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Metallica: Some Kind of Monster
DVD disk
02.01.2005 By: JaneBlo
Metallica: Some Kind of Monster order
Joe Berlinger and Bruce Sinofsky

James Hetfield
Lars Ulrich
Kirk Hammett
Robert Trujillo
Jason Newsted
Cliff Burton
Dave Mustaine


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Top-selling heavy metal band Metallica documents their ups and downs around the time of the recording of their latest (Grammy-winning) album “St. Anger”. Almost two and a half hours of footage includes everything from their therapist sessions and lead singer’s stint in rehab to the newest bass player auditions and much more surrounding their twenty year history in music. Winner of many awards at different movie festivals around the world, including the official selection at the Sundance Film Festival.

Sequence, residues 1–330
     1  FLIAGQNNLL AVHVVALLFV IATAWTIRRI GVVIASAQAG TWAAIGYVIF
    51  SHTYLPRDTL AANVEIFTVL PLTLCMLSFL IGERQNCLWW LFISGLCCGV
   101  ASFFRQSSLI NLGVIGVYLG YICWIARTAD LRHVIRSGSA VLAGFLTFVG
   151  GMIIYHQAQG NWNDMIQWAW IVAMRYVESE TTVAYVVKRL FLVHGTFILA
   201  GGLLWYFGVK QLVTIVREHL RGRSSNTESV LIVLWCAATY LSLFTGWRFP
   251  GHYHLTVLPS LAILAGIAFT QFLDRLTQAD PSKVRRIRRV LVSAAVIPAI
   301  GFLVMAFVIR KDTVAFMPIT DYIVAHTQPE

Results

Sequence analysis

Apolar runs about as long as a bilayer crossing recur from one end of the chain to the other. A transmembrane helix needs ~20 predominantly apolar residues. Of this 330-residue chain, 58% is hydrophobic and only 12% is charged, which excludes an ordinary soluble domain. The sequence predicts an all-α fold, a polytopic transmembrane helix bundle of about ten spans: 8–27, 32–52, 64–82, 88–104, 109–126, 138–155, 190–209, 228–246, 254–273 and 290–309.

I am proud to say that not only am a Metallica fan, but our infamous JoBlo is the one who got me into them, as he got into his heavy metal phase before me, and I used to borrow his old metal tapes. Recently I even had the chance to meet our beloved Dave Mustaine of Megadeth fame after a Montreal concert. Their concert was affordable, about half the cost of a Metallica ticket which is the reason why I didn’t see Metallica when they played Montreal last year. The last time I saw them play was at the infamous Montreal Olympic Stadium riot in 1992, where Guns N' Roses left the stage in a huff and a riot ensued. That said, I was very curious to see what this documentary had to say about one of the biggest metal bands that ever existed. I was pleasantly surprised and also sadly let down. I was disappointed because the documentary seems pretentious at times (what’s with the therapist, c’mon guys!) and Lars really gets on your nerves, (can you say “whiny” anyone?). I also wasn’t impressed by how the members of the band shot down their last bassist, the ultra cool Jason Newsted and sometimes even, former guitarist Dave Mustaine, now lead singer/guitarist for the amazing band Megadeth. The coolest member of the band remains for me, as always, Kirk Hammet, the lead guitarist. He is mellow, very cool and not a sulking baby like the other two, Hetfield and Ulrich. I liked the film because it’s an extensive view into the private lives of the band, almost voyeuristic at times, so revealing and intimate is it. One would not expect these rock stars to show so much of their hidden emotions and vulnerability, but that is why they hired a therapist, Phil (not Dr. Phil), to help them resolve their differences, and he really helps them work out some of their problems. Phil gets to you after a while, and he got on the band’s nerves too, at times, and they eventually let him go.